The Netherlands has several lottery organisations that donate to culture. Most notably, these are the National Postcode Lottery and the Bank Giro Lottery.
Friends’ societies and volunteers
A growing number of subsidised cultural institutions have friends’ societies or private support systems. Especially in the Dutch museum sector, friends’ societies can play an important role. But this kind of support is also important in other sectors. About 250 000 people are, in one way or another, related to the many museums in the Netherlands.
Numbers on the amount of volunteers in the field of culture vary from 3 percent to 9 percent of Dutch citizens, depending on how culture and cultural activities are defined. There is a significant increase in the number of volunteers within the sectors of museums, libraries and performing arts. In the amateur arts sector, volunteers play an important role as well.
Crowdfunding, the practice of funding a project or artist by raising small amounts of money from a large group of people, mostly via the internet, is gaining ground in the Netherlands. Since the state budget cuts to culture were announced in 2011, a lot of artists and institutions have started using the crowdfunding model to (attempt to) finance their projects. In the Netherlands, with its wide range of digital crowdfunding platforms, the amount of money collected in this way has increased exponentially: from EU 0.5 million in 2010 to EUR 14 million in 2012 and EUR 329 million in 2018, of which EUR 13.1 million went to creative projects (with an average funding of EUR 13.061 per project).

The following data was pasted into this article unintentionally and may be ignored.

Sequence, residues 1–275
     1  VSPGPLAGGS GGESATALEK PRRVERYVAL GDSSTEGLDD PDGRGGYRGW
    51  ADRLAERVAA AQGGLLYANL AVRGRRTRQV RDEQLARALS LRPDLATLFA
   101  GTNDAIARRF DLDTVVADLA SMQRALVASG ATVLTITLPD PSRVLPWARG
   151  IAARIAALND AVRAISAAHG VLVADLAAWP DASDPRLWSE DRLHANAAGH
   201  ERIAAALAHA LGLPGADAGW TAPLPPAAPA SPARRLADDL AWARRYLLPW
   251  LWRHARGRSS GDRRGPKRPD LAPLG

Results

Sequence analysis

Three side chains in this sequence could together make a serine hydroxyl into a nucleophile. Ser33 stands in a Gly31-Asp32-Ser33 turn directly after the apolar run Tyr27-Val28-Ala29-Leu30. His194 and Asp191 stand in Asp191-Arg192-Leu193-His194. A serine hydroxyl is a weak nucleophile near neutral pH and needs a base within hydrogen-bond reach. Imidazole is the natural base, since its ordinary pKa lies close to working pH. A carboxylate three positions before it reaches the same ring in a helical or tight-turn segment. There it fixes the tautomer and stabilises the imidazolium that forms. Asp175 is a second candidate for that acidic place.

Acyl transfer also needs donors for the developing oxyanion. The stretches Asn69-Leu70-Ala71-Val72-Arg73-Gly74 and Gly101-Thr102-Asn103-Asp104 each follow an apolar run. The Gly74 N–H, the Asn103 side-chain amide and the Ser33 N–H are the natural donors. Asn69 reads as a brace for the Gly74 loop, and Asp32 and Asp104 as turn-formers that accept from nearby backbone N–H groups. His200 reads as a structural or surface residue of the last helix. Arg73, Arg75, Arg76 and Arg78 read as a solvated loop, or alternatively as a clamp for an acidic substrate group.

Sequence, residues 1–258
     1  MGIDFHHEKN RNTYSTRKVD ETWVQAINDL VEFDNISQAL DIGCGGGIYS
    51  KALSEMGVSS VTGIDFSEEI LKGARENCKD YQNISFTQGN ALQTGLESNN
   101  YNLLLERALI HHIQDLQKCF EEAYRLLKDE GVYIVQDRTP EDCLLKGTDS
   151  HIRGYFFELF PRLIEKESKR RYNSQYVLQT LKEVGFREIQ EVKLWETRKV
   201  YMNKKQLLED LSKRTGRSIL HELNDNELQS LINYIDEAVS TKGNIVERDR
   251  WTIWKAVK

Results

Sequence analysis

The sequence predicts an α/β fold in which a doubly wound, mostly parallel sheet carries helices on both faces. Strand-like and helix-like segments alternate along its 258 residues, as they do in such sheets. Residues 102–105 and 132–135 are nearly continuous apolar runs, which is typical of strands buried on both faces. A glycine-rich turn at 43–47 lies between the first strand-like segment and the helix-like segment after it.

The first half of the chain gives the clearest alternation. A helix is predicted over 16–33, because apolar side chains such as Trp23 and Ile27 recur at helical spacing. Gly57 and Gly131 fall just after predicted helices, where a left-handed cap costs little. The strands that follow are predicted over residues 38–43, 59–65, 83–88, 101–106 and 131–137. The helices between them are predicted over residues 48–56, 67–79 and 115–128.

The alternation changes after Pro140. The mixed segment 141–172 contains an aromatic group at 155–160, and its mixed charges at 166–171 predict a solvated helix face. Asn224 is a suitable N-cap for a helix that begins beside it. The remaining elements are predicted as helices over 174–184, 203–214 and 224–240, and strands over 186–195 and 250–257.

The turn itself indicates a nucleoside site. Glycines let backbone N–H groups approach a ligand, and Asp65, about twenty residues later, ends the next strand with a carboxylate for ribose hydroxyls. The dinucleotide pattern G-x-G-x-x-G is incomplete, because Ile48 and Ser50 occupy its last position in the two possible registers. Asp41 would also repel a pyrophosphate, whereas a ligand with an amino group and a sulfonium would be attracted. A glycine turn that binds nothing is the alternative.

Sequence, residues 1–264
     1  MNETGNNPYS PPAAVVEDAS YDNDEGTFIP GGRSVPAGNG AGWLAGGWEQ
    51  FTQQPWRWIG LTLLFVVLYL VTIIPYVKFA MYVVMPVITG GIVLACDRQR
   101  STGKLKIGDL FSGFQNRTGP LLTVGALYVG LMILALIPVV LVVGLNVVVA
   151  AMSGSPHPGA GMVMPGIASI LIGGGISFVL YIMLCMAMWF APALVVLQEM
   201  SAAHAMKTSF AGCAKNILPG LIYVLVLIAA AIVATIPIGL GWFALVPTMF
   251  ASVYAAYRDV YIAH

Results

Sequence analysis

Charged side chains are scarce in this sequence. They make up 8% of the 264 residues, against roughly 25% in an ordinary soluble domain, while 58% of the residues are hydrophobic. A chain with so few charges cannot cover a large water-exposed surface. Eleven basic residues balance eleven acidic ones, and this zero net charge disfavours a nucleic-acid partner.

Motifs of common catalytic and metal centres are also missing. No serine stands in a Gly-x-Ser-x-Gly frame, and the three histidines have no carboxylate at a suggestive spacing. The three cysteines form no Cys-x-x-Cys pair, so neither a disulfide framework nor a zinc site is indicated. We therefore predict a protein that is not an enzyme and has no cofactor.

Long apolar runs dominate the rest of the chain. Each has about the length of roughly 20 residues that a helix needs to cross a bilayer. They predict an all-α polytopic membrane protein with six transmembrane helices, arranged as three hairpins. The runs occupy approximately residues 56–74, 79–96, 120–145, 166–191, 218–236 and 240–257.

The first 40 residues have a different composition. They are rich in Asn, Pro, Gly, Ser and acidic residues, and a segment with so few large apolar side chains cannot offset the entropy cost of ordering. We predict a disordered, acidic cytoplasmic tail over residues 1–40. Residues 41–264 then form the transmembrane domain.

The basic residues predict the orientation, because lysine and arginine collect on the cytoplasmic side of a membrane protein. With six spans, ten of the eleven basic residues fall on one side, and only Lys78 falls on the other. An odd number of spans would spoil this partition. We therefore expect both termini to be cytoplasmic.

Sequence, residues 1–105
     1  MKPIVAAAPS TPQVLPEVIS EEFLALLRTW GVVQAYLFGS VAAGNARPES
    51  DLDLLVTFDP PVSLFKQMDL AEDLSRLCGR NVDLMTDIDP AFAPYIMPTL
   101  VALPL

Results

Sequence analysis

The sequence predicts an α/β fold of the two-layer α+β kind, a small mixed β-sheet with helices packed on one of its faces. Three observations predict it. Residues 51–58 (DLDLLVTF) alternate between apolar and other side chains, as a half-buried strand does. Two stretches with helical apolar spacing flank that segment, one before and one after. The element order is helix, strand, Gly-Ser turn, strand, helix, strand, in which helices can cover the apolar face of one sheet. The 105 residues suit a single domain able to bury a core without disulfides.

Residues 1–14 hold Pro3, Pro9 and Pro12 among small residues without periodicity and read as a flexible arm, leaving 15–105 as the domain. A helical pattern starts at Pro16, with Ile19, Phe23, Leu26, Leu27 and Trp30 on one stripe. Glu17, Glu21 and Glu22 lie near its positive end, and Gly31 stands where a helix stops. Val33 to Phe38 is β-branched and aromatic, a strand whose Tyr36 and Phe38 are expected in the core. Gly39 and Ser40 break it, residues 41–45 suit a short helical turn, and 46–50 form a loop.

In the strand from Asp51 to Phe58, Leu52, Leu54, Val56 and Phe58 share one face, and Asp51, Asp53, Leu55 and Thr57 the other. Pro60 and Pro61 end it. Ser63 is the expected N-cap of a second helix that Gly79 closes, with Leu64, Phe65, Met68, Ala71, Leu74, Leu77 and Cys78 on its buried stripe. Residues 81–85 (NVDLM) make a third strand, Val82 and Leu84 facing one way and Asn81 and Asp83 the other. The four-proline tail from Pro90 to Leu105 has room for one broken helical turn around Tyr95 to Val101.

Investments and loans
In 2006, the first general investment fund for culture was established by the Triodos Bank. Its Culture Fund had the character of an obligations fund: if the interest on the finance market rises, the exchange rate decreases. The Culture Fund was a semi-open-ended fund, meaning that the issuing of shares passes through a bank, and the purchasing of shares is possible via all the Dutch banks. In 2013, the fund volume of the Culture Fund was EUR 103.6 million. In 2018, Triodos announced that the Culture Fund will be dissolved.
The platform Culture+Entrepreneurship provides loans to artists, creatives and cultural institutions. For credits between EUR 10 000 and 50 000, Culture+Entrepreneurship cooperates with the Triodos Bank. The loan is intended for durable investments, like the financing of musical instruments or the renovation of a building or an atelier. For larger cultural institutions, it is also possible to request a larger credit from the Triodos Bank. In 2018, Culture+Entrepreneurship also launched the Gallery Loan which is a revolving fund providing gallerists (that very often face difficulties in getting loans at banks) the possibility to take a loan of up to EUR 40 000 with 3 percent interest.
 Smithuijsen, Cas and Lisa van Woersem. 2013. “Van draagvlak naar draagkracht.” Boekman 97: 86.
 Arends, J. and H. Schmeets. 2018. Vrijwilligerswerk: activiteiten, duur en motieven. The Hague: Statistics Netherlands; Bekkers, R., Th. Schuyt en B. Gouwenberg (eds.). 2017. Geven in Nederland 2017: huishoudens, nalatenschappen, fondsen, bedrijven, goede doelenloterijen en vrijwilligers. Amsterdam: Lenthe; Broek, A. van den and Y. Gieles. 2018. Het culturele leven: 10 culturele domeinen bezien vanuit 14 kernthema’s. Den Haag: SCP.